Mary Stevenson Cassatt (May 22, 1844 - June 14, 1926) was an American painter and printmaker. She lived much of her adult life in France, where she first befriended Edgar Degas and later exhibited among the Impressionists. Cassatt often created images of the social and private lives of women, with particular emphasis on the intimate bonds between mothers and children.
Cassatt was born in Allegheny City, Pennsylvania, which is now part of Pittsburgh. She was born into favorable circumstances: her father, Robert S. Cassatt, was a successful stockbroker, and her mother, Katherine Kelso Johnston, came from a banking family. Cassatt grew up in an environment that viewed travel as integral to education; before she was ten years old she had already visited many of the capitals of Europe, including London, Paris, and Berlin.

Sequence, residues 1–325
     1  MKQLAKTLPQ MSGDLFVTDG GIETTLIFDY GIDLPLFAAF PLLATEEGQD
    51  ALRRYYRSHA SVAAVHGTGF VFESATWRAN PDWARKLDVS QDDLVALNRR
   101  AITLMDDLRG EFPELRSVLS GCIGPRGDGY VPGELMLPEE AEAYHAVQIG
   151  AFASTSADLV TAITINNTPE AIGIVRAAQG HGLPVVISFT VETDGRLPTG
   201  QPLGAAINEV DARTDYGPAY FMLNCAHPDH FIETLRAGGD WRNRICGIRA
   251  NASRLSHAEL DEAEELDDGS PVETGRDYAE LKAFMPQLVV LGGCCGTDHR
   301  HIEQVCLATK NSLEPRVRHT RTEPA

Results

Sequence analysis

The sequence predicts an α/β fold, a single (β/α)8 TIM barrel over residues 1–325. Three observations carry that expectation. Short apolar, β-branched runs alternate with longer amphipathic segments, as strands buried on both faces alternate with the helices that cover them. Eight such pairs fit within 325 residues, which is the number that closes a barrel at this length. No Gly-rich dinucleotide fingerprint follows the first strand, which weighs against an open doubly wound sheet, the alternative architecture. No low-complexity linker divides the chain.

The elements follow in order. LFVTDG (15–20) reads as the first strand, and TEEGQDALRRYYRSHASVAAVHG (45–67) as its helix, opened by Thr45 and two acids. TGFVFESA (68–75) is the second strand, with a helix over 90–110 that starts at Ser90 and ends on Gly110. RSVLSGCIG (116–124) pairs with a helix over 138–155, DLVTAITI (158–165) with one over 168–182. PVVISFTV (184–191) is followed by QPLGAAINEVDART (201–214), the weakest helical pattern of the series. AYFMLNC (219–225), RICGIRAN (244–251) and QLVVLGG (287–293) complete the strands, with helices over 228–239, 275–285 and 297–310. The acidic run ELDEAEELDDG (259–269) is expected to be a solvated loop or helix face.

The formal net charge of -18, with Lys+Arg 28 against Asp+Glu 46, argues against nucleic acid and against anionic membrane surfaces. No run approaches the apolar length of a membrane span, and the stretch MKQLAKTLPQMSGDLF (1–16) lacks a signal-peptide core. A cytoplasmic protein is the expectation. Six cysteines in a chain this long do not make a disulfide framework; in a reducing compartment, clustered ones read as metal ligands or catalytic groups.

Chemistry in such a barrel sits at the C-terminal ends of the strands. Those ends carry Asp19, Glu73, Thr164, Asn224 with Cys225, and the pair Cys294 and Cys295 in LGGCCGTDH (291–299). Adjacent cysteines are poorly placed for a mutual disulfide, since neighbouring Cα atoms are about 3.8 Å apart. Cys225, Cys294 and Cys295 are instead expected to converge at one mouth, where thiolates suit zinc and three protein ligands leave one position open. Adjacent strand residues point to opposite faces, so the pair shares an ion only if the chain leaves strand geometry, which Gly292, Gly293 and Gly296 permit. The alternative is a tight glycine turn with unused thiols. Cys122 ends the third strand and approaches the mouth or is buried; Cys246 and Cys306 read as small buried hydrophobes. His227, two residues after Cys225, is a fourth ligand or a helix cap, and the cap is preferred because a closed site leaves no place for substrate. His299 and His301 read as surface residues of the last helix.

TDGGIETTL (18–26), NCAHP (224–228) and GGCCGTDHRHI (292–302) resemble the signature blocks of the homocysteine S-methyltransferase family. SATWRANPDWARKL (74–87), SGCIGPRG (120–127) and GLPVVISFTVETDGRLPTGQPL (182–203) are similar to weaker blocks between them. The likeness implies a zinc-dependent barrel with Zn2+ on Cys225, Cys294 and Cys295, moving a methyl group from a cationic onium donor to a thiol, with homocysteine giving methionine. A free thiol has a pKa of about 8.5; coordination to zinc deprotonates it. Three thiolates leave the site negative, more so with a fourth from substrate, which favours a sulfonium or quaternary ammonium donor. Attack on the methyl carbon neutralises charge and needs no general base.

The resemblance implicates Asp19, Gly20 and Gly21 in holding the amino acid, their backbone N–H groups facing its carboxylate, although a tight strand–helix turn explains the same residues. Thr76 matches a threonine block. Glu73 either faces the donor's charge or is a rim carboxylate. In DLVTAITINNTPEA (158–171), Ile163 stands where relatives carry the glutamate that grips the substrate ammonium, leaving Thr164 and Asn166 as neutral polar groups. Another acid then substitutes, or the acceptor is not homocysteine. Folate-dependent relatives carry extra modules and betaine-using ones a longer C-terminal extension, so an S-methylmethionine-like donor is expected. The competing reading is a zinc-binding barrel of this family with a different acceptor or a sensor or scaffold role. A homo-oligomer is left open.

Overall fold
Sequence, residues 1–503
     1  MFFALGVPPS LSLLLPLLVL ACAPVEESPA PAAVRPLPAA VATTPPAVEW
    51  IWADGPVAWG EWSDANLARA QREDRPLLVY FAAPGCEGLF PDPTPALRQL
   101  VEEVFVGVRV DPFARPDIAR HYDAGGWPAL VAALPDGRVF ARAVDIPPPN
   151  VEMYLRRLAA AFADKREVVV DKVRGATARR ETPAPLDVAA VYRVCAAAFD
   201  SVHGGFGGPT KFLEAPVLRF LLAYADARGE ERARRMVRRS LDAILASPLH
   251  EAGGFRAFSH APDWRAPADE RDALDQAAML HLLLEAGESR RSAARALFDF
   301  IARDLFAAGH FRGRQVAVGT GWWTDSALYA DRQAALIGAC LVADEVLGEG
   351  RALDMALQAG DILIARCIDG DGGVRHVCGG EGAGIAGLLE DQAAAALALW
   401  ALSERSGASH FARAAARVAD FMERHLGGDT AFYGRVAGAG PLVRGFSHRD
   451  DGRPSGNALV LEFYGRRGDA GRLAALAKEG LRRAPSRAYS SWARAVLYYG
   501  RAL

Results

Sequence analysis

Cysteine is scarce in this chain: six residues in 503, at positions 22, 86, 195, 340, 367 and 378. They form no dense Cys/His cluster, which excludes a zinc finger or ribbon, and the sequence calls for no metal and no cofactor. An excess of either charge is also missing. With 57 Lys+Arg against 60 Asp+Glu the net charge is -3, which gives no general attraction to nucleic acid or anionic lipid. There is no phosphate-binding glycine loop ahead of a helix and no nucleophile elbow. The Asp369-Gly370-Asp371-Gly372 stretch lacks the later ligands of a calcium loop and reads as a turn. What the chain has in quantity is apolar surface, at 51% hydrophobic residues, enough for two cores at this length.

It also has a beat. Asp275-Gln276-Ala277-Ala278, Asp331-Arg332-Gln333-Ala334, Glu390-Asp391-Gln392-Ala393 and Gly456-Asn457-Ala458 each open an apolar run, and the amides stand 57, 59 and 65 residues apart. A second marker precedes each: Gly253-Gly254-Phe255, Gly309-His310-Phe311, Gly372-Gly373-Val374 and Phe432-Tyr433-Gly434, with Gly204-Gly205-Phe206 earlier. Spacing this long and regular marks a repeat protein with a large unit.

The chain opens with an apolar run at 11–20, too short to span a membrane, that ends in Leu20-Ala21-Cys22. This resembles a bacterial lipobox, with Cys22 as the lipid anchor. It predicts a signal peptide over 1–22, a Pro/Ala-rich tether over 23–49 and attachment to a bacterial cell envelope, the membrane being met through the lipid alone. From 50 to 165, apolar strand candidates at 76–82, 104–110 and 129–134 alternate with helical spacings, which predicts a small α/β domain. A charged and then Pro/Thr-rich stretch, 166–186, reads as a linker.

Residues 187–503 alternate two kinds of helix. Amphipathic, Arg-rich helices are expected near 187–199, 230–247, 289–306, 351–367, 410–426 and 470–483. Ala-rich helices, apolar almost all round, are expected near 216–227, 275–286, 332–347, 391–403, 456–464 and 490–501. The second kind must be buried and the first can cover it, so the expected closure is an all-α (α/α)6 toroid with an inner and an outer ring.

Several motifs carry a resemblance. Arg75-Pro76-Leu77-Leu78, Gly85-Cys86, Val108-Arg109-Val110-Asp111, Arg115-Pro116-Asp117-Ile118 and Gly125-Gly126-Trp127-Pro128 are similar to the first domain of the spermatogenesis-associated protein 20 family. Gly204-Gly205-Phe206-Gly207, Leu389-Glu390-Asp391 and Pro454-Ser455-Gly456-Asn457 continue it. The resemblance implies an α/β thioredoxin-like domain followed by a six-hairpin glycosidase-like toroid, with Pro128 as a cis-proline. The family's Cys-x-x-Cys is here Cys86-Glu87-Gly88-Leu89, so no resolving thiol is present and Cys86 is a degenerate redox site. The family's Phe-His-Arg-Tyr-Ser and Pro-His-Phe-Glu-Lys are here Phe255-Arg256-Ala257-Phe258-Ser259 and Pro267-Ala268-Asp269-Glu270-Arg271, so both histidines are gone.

Even though her family objected to her becoming a professional artist, she began studying painting at the Pennsylvania Academy of the Fine Arts in Philadelphia, Pennsylvania (1861-1865).
Impatient with the slow pace of instruction and the patronizing attitude of the male students and teachers, she decided to study the old masters on her own, and in 1866 she moved to Paris.
Returning to the United States at the outset of the Franco-Prussian War, Cassatt lived with her family. Her father continued to resist her chosen vocation, and paid for her basic needs, but not her art supplies. She returned to Europe in 1871 when the Archbishop of Pittsburgh commissioned her to paint copies of paintings in Italy, after which she traveled throughout Europe.
Shortly after her triumphs with the Impressionists, Cassatt quit painting to care for her mother and sister, who fell ill after moving to Paris in 1877. Her sister died in 1882, but her mother regained her health, and Cassatt resumed painting by...